Anthropometric Measures in Children with Renal Failure



Anthropometric and body composition assessments provide important information about the nutritional status of dialysis patients. A nutritional assessment by a trained dietitian is therefore recommended for patients diagnosed with renal disease because they are frequently in poor nutritional health. Knowledge of the nutritional health of patients with renal disease is necessary to prescribe and monitor appropriate clinical and nutrition therapies. Anthropometrical methods occupy a meaningful role in assessing the nutritional status of patients with renal disease, are cost-effective screening techniques for describing body size, and they are well suited for identifying levels of body composition, nutritional status or risk for disease. However, children with renal disease present special problems for anthropometry, including decreased functional status and increased comorbidity, which challenge nutrition assessment methodology. Measures of weight, stature, calf circumference, arm circumference and triceps and subscapular skinfolds have therefore been reported for dialysis patients, who tend to be shorter, lighter and have less adipose tissue than healthy persons of the same age. Other techniques to assess body composition are dual energy X-ray absorptiometry (DEXA), bioelectrical impedance, total body water (TBW) and prediction equations. However, irrespective of the technique to be used, all are validated in healthy individuals based on the assumption that body composition parameters are relatively static, which isn’t the case in renal patients. Anthropometric measurements should be an integral component of the routine care of the child and adolescent with renal disease.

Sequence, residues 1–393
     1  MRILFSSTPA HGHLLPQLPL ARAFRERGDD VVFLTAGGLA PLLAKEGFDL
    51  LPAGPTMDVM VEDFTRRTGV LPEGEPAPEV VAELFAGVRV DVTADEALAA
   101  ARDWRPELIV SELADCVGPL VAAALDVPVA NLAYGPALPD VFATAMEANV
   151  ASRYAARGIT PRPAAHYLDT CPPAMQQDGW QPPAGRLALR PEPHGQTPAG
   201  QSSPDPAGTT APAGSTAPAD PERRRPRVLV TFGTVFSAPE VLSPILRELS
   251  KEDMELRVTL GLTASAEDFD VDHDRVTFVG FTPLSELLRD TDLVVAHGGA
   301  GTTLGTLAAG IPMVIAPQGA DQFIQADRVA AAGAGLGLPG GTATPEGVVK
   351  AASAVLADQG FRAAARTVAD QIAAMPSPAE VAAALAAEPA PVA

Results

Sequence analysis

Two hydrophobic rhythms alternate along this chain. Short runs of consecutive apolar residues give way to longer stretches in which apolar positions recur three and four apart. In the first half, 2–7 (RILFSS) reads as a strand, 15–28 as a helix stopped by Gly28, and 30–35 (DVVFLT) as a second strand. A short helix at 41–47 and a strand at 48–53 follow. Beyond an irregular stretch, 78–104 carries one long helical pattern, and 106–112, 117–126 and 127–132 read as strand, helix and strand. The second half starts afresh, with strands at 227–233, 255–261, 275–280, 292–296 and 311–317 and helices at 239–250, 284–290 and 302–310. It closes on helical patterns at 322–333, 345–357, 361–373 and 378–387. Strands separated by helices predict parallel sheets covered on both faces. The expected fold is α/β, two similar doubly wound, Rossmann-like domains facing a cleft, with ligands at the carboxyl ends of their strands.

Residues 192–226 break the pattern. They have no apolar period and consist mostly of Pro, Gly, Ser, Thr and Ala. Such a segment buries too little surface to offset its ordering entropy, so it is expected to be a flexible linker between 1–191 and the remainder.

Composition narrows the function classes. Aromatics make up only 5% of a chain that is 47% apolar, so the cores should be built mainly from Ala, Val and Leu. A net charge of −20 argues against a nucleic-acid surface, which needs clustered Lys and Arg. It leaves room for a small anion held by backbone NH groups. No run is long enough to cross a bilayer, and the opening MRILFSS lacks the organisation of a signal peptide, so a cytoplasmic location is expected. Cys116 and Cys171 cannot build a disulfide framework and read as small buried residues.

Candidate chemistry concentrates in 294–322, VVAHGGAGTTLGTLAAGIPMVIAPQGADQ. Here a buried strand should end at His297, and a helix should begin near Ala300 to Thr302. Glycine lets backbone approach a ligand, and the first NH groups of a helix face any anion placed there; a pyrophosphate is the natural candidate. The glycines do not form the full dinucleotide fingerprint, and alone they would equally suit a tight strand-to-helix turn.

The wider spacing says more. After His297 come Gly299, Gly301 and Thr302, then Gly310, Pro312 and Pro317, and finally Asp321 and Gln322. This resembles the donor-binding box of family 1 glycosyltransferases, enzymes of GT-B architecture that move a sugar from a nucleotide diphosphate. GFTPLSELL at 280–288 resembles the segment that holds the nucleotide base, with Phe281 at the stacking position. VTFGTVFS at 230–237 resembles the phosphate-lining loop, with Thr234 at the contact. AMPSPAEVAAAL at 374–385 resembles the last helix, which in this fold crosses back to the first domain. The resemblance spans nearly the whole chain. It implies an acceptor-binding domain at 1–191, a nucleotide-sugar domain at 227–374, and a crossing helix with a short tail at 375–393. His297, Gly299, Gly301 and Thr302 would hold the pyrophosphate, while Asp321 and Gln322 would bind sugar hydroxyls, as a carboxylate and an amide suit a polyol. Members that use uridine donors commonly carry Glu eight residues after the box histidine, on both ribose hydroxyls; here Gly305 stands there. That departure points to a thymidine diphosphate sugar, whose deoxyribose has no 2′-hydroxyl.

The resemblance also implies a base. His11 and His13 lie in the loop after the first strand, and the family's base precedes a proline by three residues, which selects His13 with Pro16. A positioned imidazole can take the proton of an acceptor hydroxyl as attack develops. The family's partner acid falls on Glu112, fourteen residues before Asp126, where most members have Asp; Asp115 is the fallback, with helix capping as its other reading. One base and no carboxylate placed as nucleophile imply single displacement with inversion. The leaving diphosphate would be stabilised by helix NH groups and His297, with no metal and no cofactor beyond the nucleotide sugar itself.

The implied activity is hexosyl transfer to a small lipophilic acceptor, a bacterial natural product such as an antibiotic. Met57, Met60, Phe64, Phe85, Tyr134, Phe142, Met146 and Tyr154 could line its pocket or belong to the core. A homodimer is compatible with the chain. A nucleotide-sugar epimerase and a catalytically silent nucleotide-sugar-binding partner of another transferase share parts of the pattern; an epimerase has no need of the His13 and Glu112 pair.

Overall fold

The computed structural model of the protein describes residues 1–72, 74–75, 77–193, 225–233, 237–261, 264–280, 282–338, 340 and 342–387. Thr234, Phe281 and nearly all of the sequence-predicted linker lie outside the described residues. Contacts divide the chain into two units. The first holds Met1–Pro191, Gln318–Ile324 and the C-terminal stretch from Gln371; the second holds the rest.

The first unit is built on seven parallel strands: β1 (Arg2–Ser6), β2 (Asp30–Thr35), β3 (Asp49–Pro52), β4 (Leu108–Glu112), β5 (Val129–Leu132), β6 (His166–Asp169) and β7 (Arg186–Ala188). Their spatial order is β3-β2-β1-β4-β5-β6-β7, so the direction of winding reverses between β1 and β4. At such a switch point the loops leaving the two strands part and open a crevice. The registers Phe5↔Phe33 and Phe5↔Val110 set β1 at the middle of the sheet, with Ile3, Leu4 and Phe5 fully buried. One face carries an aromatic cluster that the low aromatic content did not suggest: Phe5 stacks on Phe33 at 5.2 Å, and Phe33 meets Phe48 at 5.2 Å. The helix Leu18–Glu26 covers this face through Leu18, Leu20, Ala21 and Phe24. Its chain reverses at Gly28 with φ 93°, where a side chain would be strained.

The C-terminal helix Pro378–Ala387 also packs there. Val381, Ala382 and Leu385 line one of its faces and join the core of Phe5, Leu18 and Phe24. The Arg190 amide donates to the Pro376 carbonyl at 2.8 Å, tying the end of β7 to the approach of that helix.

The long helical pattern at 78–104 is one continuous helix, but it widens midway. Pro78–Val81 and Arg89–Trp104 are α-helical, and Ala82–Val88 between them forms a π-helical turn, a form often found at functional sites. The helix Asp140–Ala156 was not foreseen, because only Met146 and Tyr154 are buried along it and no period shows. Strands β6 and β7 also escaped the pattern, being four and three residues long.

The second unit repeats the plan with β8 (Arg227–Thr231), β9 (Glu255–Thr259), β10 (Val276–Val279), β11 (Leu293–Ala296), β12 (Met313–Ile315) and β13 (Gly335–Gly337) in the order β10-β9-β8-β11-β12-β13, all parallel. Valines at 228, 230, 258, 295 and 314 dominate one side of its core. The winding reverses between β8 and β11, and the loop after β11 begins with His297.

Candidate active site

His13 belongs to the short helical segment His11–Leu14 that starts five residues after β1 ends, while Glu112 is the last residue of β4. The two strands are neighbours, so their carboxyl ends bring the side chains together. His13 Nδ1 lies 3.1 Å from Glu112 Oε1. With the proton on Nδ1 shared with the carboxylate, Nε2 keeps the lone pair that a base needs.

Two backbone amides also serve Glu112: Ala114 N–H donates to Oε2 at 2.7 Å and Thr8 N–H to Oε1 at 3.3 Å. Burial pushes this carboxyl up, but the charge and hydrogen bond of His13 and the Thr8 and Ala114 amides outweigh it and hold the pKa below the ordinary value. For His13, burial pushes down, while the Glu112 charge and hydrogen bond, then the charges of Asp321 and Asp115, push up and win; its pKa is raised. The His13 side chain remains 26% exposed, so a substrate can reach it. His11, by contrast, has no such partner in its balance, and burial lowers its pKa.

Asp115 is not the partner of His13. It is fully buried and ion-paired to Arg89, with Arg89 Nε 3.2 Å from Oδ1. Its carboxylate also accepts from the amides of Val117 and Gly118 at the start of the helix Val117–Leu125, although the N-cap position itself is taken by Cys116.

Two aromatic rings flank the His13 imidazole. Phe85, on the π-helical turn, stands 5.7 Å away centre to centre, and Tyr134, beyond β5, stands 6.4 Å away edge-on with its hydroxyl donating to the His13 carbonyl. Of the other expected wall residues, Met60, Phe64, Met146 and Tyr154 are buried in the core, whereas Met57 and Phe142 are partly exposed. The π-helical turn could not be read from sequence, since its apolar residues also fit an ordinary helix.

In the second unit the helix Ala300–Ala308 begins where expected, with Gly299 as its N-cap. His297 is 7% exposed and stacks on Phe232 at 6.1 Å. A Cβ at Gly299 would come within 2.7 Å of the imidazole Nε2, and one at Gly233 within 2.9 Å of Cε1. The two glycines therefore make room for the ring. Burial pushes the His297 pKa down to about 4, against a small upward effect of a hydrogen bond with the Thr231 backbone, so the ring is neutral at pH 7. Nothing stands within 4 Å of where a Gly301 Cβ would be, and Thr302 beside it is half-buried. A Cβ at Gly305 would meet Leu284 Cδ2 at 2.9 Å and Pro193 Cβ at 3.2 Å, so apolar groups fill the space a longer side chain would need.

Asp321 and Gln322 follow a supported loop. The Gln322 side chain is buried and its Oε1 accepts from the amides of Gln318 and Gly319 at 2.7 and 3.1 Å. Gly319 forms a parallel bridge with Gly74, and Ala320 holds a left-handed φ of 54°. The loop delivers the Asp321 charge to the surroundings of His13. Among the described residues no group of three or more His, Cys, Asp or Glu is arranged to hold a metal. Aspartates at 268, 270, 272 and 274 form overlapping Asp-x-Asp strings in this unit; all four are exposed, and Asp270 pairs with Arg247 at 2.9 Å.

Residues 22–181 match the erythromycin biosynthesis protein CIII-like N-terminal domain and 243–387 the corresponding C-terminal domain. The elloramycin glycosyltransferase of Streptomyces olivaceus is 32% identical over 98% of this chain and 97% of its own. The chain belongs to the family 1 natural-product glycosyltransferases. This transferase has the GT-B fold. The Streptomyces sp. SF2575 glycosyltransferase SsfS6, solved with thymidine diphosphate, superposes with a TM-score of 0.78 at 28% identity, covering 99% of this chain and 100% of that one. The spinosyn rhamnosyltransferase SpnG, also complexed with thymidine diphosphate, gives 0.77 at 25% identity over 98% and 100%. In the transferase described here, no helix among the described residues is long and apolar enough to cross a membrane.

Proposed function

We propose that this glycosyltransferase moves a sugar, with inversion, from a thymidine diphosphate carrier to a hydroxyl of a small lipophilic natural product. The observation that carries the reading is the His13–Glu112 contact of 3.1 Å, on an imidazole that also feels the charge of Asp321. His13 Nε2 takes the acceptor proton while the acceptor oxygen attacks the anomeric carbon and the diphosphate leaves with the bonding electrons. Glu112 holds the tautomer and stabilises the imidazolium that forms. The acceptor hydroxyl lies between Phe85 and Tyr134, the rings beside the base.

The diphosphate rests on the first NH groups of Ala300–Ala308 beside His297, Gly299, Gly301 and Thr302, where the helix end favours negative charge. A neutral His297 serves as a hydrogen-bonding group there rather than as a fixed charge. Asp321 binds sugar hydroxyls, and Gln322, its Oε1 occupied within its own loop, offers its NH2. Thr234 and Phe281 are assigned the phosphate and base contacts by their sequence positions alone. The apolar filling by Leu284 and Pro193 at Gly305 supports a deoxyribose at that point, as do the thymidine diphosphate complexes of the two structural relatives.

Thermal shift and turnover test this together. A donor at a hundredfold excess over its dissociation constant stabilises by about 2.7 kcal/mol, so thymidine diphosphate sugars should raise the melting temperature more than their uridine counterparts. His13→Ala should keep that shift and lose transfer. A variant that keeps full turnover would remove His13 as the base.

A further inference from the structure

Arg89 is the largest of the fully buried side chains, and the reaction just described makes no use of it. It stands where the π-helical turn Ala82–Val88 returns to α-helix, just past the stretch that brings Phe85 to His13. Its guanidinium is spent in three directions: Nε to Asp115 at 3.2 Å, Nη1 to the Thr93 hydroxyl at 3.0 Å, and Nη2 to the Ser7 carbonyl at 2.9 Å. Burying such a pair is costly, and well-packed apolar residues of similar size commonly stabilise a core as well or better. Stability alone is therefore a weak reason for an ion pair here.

Renal Disease Body Composition Anthropometric Measurement Growth Velocity Hydration Status 



Chronic renal failure


End stage renal disease


Body mass index


Dual energy x-ray absorptiometry


Total body water


Fat free mass


Bioelectrical impedendance


Growth hormone


Insulin-like growth factor-1


Total body potassium


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Copyright information

© Springer Science+Business Media, LLC 2012

Authors and Affiliations

  1. 1.Department of Gastroenterology and Clinical NutritionRoyal Children’s HospitalParkvilleAustralia
  2. 2.Department of PaediatricsUniversity of MelbourneParkvilleAustralia
  3. 3.Murdoch Childrens Research InstituteParkvilleAustralia

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